It’s bathing suit season which means a few things for me: I’ll be treated to those summer NYC smells of garbage and urine, I’ll buy too many freezer-burned pints of ice cream at bodegas, and I’m going to feel self-conscious in a swimsuit at some point. While a woman wearing a bathing suit inspires enough think pieces to break the Internet, and we can talk till our noses bleed about body positivity, I’m still a human person. One who puts on a bathing suit in the real world and feels a little icky and nervous, considering I just spent spring/fall/winter getting yelled at by men on the street, then called a fat monster for not running into their arms. I feel weird about my power and my body, its imperfections, its sexual prowess, and its weird marks. I’ve felt weird and awkward about my body for most of my young life. Most people do.
So how do you feel better in real life? I’ve reconciled a lot of the junk fed into my impressionable little brain, and I’ve turned some of that bad self-esteem into a hearty dose of selfie narcissism, but that doesn’t mean I jump headfirst into a two-piece and start prancing around the beach like a golden retriever. It’s hard to put yourself on complete display. But I think there are things that can help. Here are my tips to being a little bit happier in a bathing suit:
1. . Look Around You
Last summer, I went to Coney Island for an afternoon. I was surrounded by hundreds of people in bathing suits. One of them was an old dude who decided to go into the ocean wearing no shirt and a full pair of pajama pants... eating a bologna sandwich. That really isn’t my point, but I promise: your body will never be the oddest sight on a public beach, and you can count on that one. My actual point, though, is that there are plenty of people at the beach or pool with…bodies. And flaws. And you’re probably not focusing on them too much. Mothers, really jacked dudes, young teens, older people who surround themselves with a thousand umbrellas, little babies, and those people that blast music on their stereo like everyone wants to listen to Jason DeRulo. We tend to just focus on the beautiful perfect people, and beautiful perfect people there will be, and instead forget we are just a cog in the beach machine: one of hundreds, all looking to get a little tan (WEAR SPF), get a little wet, and have some damn fun.
2. Talk About It.
I used to think that all my friends all had great bodies that looked amazing in bathing suits and then I began to talk about how I feel. I’m a big fan of 'keeping everything inside me bottled up like a can of soda in a freezer and then it explodes,' but that never really works that well. Because then I get angry and bitter and wrinkly. And there’s actually something helpful and nice about talking about your insecurities with the people that choose to be around you because they think you’re great. They also have insecurities that you are going to think are crazy. And if you think they’re insecurities are kooky, maybe yours are too. It also feels good to, at the very least, hold yourself accountable to your thoughts. If you felt like you didn’t want to go in the ocean because you’re worried about how you look, voicing that you feel not so good will allow your friends to give you the push you need to go and live your life. Go and live your life!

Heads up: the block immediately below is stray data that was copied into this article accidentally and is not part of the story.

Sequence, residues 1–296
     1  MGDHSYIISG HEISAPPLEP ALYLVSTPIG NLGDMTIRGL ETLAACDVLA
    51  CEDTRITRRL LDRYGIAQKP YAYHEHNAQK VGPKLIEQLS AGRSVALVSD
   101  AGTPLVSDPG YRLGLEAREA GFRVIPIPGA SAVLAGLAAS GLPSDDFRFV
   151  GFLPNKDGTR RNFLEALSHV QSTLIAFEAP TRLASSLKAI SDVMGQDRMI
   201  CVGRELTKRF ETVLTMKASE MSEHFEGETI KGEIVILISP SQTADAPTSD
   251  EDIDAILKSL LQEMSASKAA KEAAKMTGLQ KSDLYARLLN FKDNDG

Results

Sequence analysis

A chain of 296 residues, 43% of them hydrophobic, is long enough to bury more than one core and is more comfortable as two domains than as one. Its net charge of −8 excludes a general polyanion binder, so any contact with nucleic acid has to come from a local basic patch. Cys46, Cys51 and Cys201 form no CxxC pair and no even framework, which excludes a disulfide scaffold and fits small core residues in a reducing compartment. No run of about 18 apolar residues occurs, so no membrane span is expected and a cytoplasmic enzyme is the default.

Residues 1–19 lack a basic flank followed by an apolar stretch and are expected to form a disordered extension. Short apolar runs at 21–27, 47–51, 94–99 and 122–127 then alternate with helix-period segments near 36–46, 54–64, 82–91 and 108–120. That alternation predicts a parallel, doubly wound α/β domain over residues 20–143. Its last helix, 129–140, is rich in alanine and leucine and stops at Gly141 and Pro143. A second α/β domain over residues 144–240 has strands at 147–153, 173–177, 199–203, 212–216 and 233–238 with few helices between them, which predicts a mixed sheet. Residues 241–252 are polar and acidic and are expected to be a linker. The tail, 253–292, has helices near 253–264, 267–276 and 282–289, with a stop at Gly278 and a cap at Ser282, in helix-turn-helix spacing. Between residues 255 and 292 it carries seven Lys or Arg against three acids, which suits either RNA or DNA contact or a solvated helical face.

3. . Go Shopping
I bought a new bathing suit last summer, and even though going into dressing rooms makes me want to gauge my eyes out and feed them to tiny birds, treating myself to a nice new thing made me more excited to put the suit on. And wearing the same old bathing suit for a few years because you hate bathing suit shopping doesn’t make you feel excited to go out to the beach. There are so many amazing styles out there, ones that offer comfort and support, come in a variety of sizes, and are super affordable and cute (try Asos, Modcloth, J Crew, or Target!). If you really can’t stomach the idea of a new suit, go full treat-yoself anyway. Get a big ass summer hat. Or a cute beach bag. Or neon flip flops. Something that you can’t wait to show off, but can really only show off at the beach. It makes a real difference!
4. . Take Some Photos
This is kind of a weird one, and I hope it will be helpful to you, because it’s helpful to me. Sometimes, I get nervous at events because I’m worried somebody’s going to take a bunch of really awful pictures of me and post them everywhere. I’m worried that I’ll end up having a lot of fun and then I’ll see pictures of myself later on and I’ll go “I looked awful!” and feel like I didn’t have so much fun after all. It’s crap. It rarely happens. And sometimes, I think about it. If this happens to you: ask a friend to take some photos of you and your friends right off the bat. Take some pictures of yourself that you like and feel good about. And that way, you’ll have a few nice pictures at the beginning of the event to remind you that you did have fun and you do look great. Stop focusing on how you look all the damn time.
5. . Be Better To Yourself
Oh, just be nice. You spend way too much time treating yourself like you are a freak monster, when you’re just a normal person with flaws just like everybody else. Get over some of that crap. Stop being your worst critic. Be nice to yourself. You are the only body you have. Be kinder to it. WORK ON IT.